Monthly Archives: September 2015

Siri Could Transcribe Voicemails in the Near Future

Having to go back in your message over and over again to get all the pertinent details about your next lunch engagement can be a hassle. Apple came up with a solution. Among Siri’s many gifts, she may soon be able to send you your voicemails in text form. You may never have to step out of a meeting or appointment to check for that important voicemail again.

The services will likely be available in the release of iOS 10 in 2016. Apple’s solution provides the best of both worlds to smartphone users. Many people don’t mind leaving a voicemail; they find it to be a necessary personal touch and often faster than typing. However, they may not enjoy receiving one. Scanning through a message may be much faster and more convenient for both older and younger users.

In the upgrade, Siri will be able to answer your calls for you and then transcribe the interaction for you to read. While many users are excited about the possibilities for this new addition, others think it may be more pomp and circumstance than a value proposition. Other upgrades in the near future may be more helpful to current Apple users.

iOS 9 Upgrades to Expect
Other aspects of the Siri program will be upgraded during the iOS 9 release in fall 2015 (rumored), but the new transcribing service may not be available until 2016. The new features of the system will be more adept at searching in applications, predicting your usage behaviors, and updating Siri’s functionality.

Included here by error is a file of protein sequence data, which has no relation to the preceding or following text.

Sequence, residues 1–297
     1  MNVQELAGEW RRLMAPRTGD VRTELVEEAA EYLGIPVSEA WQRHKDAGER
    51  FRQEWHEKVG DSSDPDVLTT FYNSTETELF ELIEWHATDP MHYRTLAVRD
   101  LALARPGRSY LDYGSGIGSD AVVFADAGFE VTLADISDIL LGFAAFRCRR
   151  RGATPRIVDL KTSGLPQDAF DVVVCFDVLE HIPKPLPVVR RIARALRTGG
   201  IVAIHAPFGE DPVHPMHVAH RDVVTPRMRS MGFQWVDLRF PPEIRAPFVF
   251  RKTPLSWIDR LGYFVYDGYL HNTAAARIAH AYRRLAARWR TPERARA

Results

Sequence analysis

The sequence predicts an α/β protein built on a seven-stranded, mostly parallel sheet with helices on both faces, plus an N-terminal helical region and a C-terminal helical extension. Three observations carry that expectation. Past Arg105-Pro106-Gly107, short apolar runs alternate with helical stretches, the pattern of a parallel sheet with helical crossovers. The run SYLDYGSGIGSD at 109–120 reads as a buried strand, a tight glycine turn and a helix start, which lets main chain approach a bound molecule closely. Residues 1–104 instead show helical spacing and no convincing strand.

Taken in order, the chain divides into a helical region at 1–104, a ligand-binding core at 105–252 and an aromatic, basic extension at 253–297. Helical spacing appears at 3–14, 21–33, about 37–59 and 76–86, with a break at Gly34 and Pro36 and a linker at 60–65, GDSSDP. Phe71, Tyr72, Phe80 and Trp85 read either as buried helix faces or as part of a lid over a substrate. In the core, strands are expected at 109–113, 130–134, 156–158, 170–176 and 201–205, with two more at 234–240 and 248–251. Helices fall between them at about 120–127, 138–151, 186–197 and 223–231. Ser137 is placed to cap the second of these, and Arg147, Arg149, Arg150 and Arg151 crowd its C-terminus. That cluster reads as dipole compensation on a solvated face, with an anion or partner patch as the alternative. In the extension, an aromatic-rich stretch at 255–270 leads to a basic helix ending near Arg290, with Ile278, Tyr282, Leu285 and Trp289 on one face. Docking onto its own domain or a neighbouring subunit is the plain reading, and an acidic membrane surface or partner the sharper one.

The company is focusing on proactive behaviors and intelligence in the upgrade. As part of usage prediction, the new OS may open apps before you need them and offer recommendations on places users have exhibited interest in. Some of the built-in apps, like notes, will also be upgraded to include better productivity features like checklists and sketching capabilities.

User Engagement Online Is Changing the Way We See the World in 2015

The internet is used for a lot of things. It makes gameplay, work, and learning faster and easier. It connects individuals, and it is starting to unite people across the world to address social issues and important causes. Viral posts and mobile technology are shaping what we find important as a planet. Here are some examples of recent ways user activities are changing our behaviors and mindsets:

• The death of Cecil the Lion and wildlife conservation – When a trophy-hunting dentist was named in the killing, beheading, and skinning of a popular 13-year old lion in Zimbabwe, the world exploded with Tweets, posts, and overall commentary. Cecil may never have come to the center stage as a symbol for wildlife stewardship if he had not been wearing a conservation-related tracking collar. Technology made the conversation possible.

• The fight against racially motivated arrests/deaths by police officers – What started with the killing of a black teenager in Ferguson, Missouri in 2014 snowballed into stories all over the country of potentially race-motivated police brutality. People from all different backgrounds are using online platforms to push for better transparency in law enforcement, and video feeds from incidents are holding officers and other parties accountable.